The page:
In an article in early 2020 Professor Mark Barry of Cardiff University rejected the idea that Wales might be too poor or too small to be independent. If it were true, he said, Wales would be unique globally, the only place where an independent country of 3m people could not exist. The question was could our economy and wellbeing be best served by Westminster/Whitehall or by something more radical and more common across the world.
Yet, how the economy of a successful, independent Wales might function remains hard to delineate. Some clues might be taken from the report of the Sustainable Growth Commission chaired by former member of the Scottish Parliament, Andrew Wilson, which reported to the SNP Government in Edinburgh in 2018. It argued that Scotland has an economic potential that far outstrips its current longer-term performance, and that the ambition for the country should be to perform to the level of the best of the small advanced economies.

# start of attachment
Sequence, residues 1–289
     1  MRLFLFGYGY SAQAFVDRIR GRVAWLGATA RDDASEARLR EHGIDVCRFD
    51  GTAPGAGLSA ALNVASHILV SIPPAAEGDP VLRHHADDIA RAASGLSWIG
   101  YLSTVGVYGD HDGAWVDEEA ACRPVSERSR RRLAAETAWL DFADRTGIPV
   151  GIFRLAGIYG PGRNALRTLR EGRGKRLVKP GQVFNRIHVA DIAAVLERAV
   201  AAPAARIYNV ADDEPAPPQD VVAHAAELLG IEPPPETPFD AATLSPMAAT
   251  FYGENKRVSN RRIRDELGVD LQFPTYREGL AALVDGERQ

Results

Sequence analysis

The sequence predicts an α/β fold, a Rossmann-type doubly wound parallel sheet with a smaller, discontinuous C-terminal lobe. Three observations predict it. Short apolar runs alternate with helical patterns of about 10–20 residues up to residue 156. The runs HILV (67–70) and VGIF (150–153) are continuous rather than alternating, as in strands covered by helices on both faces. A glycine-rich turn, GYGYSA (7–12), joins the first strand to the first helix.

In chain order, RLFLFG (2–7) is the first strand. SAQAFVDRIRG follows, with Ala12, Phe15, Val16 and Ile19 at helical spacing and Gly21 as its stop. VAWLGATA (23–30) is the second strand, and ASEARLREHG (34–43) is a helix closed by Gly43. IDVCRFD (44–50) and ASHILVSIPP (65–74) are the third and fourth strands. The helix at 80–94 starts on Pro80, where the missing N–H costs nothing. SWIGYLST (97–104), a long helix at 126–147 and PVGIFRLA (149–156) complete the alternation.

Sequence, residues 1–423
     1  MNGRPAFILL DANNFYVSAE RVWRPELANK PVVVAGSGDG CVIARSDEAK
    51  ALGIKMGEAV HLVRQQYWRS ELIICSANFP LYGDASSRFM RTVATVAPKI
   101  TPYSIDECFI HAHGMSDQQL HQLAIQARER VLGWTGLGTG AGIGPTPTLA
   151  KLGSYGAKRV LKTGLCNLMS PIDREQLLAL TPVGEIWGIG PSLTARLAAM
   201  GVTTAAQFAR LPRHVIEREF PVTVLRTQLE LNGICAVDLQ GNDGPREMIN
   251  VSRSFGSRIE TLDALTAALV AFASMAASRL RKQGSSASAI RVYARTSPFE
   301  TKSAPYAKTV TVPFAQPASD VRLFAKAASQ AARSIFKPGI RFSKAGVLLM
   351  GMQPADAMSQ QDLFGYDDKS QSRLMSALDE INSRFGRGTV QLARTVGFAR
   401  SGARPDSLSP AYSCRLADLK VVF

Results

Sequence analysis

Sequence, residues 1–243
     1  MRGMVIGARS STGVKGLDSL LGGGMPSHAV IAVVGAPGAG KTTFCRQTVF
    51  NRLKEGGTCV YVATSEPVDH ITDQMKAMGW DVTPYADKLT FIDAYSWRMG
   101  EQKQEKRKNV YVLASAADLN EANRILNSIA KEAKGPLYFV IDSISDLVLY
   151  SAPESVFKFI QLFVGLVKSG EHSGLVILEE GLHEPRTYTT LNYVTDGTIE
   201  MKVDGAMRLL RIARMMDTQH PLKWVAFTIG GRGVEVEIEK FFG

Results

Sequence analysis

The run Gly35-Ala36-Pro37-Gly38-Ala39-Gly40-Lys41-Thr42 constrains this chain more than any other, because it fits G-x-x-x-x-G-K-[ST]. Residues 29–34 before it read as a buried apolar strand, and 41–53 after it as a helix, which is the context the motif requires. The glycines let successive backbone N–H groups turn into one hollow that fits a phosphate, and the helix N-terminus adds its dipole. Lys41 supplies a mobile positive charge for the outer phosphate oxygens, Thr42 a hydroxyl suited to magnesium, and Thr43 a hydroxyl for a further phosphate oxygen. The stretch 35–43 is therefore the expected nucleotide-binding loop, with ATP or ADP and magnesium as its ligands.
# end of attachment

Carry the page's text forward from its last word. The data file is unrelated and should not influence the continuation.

The report argues that a centralised ‘big country’ model which concentrates too much economic activity in London and the south-east region is holding Scotland and the other regions and nations of the UK below their potential. A similar point is made in a separate report by the UK2070 Commission under the chairmanship of Lord Kerslake, a former head of the Civil Service. It observed that 50 years of effort trying to rebalance the UK economy and create a fairer and stronger nation had failed, leaving Britain one of the most unequal and divided countries in Europe. It urged: “We need to adopt a strategy that allows London to sustain its global role whilst at the same time targeting some systematic firepower at raising the economic performance of regional Britain.” And it pressed for a change to Treasury rules that made it harder to justify expenditure in less populous areas, thereby favouring London and the South East.